Talk:Order (exchange)

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Stop order[edit]

"A stop order (sometimes known as a stop loss order) is an order to buy or sell a stock once the price of the stock reaches a specified price, known as the stop price. When the specified price is reached, the stop order is entered as a market order. "

This is not exactly true. We use stops in futures. In that case it is not an order to buy or sell a stock. GT

"Stop orders are designed"

Designed by whom. Stops were probably developed by exchanges to make more profits just like every other investor innovation. It is misleading and untrue. Will someone please clean this up? GT

"to limit an investor's losses in the event of an unexpected drop in the price of a security."

If the previous line is true "buy or sell," then a stop to buy, would not protect speculators or investors from a drop. They could have been short. The stop is protecting from a rise. This stop order explantion is to restrictive and one sided. What does it mean when the floor runs the stops? GT

Thanks for your comments. Next time, it would be great if you timestamp your post. Simply use --~~~~ . Thank you!

The philosophy of wiki is to encourage all people to edit and improve the article. Please be bold in updating articles. :)

I may try to work on it soon.--Wai Wai (talk) 21:58, 29 July 2006 (UTC)

Stop-Limit purpose[edit]

Why should I make a stop-limit order? Full Decent 15:51, 4 October 2006 (UTC)

Because of short-term market fluctuations. It might be easier to consider a scenario. Let's say that you put in a regular stop order to sell a security when the price drops below $10/share. At 12:48 on Monday, the price drops to $9.85. Your stop order now kicks in and will be executed in minutes or hours (depending on the service level offered by your broker). During that time, the price continues to move. When the broker finally makes the trade, he/she will do so at whatever price is available at that time, regardless of whether the price of the stock has already rebounded back into the range that you considered acceptable or has already plummetted to nothing. With a stop-limit order, you can set more specific guidance on how the broker should act for you. Rossami (talk) 17:06, 4 October 2006 (UTC)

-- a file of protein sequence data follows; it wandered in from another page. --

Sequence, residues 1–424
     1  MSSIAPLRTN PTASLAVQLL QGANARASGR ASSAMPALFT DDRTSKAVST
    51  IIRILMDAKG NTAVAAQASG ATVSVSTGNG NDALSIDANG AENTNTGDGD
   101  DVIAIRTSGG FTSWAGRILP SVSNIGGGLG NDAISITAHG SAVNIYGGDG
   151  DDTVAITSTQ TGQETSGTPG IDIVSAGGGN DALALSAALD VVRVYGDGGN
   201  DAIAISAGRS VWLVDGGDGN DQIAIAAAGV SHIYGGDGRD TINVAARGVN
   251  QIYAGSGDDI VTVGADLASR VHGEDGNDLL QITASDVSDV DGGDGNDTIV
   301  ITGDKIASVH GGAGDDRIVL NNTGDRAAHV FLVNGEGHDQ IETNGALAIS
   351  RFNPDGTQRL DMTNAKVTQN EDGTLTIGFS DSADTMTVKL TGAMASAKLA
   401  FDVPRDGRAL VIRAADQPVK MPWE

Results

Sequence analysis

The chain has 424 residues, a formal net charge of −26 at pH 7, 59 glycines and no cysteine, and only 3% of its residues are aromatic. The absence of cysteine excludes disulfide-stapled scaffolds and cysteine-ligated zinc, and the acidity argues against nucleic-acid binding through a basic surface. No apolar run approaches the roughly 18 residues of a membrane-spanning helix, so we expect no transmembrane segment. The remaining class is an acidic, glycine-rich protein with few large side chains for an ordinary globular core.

Up Tick[edit]

Uptick rule was revoked on July 6, 2007: Uptick Rule End, Short Selling Gets Easier —Preceding unsigned comment added by (talk) 21:08, August 24, 2007 (UTC)


General rules about the Stop Loss Order. --MichPit (talk) 13:49, 18 January 2014 (UTC)

Hide not slide[edit]

Dr. Mizrach's comment on this article[edit]

Dr. Mizrach has reviewed this Wikipedia page, and provided us with the following comments to improve its quality:

A hidden (or "iceberg") order requires the broker to display only a small part of the order, leaving a large undisplayed quantity "below the surface".

My alternative:

Many exchanges allow orders to be hidden from other traders. These orders lose time priority with respect to visible orders, and most exchanges pay smaller liquidity rebates for this order flow. If a portion of the hidden trade is visible, the order is referred to an an iceberg

New section:

Complexity of order types

With all the different types of orders available and with each exchange determining which types of orders to offer, the complexity of order types has become an important regulatory issue. BATS, for example, offers dozens of different orders,

We hope Wikipedians on this talk page can take advantage of these comments and improve the quality of the article accordingly.

We believe Dr. Mizrach has expertise on the topic of this article, since he has published relevant scholarly research:

  • Reference : Huimin Chung & Cheng Gao & Jie Lu & Bruce Mizrach, 2013. "An Empirical Analysis of the Shanghai and Shenzhen Limit Order Books," Departmental Working Papers 201319, Rutgers University, Department of Economics.

ExpertIdeasBot (talk) 19:43, 1 July 2016 (UTC)